Franklin, N.M., Stauber, J.L., Lim, R.P. & Petocz, P. 2002, 'Toxicity of metal mixtures to a tropical freshwater alga (Chlorella sp.): effect of interactions between copper, cadmium and zinc on metal cell binding and uptake', Environmental Toxicology and Chemistry, vol. 21, no. N/A, pp. 2412-2422.
View/Download from: UTSePress
Doyle, C. & Lim, R.P. 2002, 'The effect of 17 beta-estradiol on the gonopodial development and sexual activity of Gambusia holbrooki', Environmental Toxicology and Chemistry, vol. 21, no. N/A, pp. 2719-2724.
View/Download from: UTSePress
Hose, G.C., Lim, R.P., Hyne, R.V. & Pablo, F. 2002, 'A pulse of endosulfan-contaminated sediment affects macroinvertebrates in artificial streams', Ecotoxicology and Environmental Safety, vol. 51, no. 1, pp. 44-52.
View/Download from: UTSePress | Publisher's site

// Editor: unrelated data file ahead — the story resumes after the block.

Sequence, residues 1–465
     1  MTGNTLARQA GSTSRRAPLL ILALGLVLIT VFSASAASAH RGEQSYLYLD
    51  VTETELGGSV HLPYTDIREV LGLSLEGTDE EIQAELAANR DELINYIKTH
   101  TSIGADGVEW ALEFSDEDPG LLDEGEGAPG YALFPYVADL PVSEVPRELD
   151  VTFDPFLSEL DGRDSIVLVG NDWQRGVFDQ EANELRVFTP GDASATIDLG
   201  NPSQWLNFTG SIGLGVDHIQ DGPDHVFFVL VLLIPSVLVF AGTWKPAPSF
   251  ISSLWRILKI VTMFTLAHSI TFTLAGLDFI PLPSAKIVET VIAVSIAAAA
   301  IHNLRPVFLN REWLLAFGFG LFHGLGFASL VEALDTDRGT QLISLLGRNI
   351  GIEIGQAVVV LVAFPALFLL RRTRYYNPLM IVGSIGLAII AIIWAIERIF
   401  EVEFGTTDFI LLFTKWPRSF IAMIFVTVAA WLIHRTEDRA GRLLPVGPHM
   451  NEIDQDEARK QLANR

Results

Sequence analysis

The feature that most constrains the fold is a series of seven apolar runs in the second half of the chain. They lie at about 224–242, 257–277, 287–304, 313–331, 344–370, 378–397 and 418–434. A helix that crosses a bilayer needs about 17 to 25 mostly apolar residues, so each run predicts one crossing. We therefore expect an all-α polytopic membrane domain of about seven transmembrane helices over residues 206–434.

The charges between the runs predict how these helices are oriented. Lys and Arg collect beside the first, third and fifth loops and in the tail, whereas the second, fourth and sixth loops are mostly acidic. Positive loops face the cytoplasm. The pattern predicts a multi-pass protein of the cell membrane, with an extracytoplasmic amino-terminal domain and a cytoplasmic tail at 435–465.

The toxicity of the organochlorine pesticide endosulfan to macroinvertebrate communities was tested using a system of 24 artificial streams. Macroinvertebrate communities in the streams were exposed to a range of endosulfan concentrations for a 12-h period and then monitored for 96 h. Endosulfan was prebound to fine river sediment and applied to the streams as a contaminated sediment slurry. This did not cause changes in the structure of benthic communities; however, significant changes (P<0.05) in the abundance of several macroinvertebrate taxa in drift were detected in the streams receiving the highest (6.14 g/L) dose. Increased drift may have implications for recolonization processes in lowland rivers, and, as such, pulses of contaminated sediment are likely to result in significant effects on macroinvertebrate populations and communities. This study highlights the utility of artificial stream systems for detecting sublethal effects and the need for population and community-level endpoints to be included in such studies.